Peter had justifiably complained on IRC around 2010 that there was no marketing strategy page. I had chosen not to create one at the time because OLPC was involved in fierce competition with Intel Classmate offerings running Windows, and we were aware that our marketing initiatives were being monitored. This lack of clarity may have been a mistake, but my goal had been to disrupt the MS/Intel sales force talking points. The marketing team which was numerous at the time all knew the strategy.
Walter's 2016 Marketing Plan
Walter Bender offered this view for future marketing efforts:
What I would like from marketing is some mechanism for highlighting the powerful ideas in Sugar that seem to be lacking in most other systems so that even if a school decides to go with a different product/project, they put pressure on that project to provide tools, not apps, collaboration, transparency, self reflection and group critique, and responsibility on the shoulders of students and teachers to shape their own world.
A few observations/thoughts that may help us in focusing our marketing efforts:
(1) The primary source of push back in AU re Sugar was the browser. Schools had websites that they were interested in accessing that were not supported by Browse at the time. This is something we can turn around in the devel team and maybe something we need to surface in marketing: that Sugar is web/cloud enabled on top of all its other virtues. (I had been keeping the name "cloudberry" in reserve for this.) Ironically, at the time we added Sugar extensions for access to Google Drive (among other clud-based services), NSW got in bed with Microsoft and prohibited schools from using non-MS cloud services. OLPC AU never promoted the Sugar cloud-enabled features.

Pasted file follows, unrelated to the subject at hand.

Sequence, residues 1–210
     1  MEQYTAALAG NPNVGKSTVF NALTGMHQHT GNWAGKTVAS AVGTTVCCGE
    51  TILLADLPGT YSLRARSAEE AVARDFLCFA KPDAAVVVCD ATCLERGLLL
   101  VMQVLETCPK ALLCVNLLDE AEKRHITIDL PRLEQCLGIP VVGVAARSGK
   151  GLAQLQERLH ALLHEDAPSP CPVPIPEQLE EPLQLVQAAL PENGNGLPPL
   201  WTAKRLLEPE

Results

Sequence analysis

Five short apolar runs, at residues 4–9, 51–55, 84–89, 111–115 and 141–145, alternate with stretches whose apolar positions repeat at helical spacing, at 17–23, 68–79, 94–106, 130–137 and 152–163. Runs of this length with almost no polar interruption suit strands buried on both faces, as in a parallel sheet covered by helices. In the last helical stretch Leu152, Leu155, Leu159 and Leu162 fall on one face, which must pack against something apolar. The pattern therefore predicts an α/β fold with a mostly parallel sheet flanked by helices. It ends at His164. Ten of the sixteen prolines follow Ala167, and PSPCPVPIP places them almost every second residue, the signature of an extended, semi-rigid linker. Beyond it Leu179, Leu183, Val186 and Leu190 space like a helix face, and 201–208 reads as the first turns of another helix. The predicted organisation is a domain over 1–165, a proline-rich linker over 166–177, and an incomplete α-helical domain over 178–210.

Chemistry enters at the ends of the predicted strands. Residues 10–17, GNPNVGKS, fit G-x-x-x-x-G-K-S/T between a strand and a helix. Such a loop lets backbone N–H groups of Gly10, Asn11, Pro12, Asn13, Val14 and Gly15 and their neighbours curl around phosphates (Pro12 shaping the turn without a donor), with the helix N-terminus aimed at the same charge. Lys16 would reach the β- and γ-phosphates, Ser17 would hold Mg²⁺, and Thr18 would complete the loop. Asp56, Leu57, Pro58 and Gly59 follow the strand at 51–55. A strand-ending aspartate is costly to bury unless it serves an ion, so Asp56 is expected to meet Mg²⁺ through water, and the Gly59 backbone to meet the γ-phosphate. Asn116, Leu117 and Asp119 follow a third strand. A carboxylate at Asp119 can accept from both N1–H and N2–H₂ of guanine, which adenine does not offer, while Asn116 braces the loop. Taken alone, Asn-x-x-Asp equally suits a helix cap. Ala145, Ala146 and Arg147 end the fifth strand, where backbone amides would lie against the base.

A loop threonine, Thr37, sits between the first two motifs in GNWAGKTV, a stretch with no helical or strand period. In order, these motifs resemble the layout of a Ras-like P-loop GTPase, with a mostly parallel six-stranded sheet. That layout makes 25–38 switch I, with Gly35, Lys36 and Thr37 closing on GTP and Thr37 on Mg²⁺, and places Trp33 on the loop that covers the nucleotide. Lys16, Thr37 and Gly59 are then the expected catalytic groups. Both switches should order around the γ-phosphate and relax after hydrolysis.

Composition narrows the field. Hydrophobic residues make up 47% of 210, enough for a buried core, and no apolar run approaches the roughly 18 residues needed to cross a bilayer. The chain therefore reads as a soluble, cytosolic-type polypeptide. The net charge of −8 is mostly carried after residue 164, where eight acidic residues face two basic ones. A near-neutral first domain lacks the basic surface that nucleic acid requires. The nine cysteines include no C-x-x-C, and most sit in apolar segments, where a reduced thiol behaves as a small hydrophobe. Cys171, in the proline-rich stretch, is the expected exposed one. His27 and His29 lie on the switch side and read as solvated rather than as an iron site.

(2) The switch to Windows 10 by OLPC AU is a total capitulation to the "we don't have a clue as to what is of value in terms of pedagogy, so we'll make a deal with whomever will give us the best deal camp." Not sure what our response should/can be in such circumstances.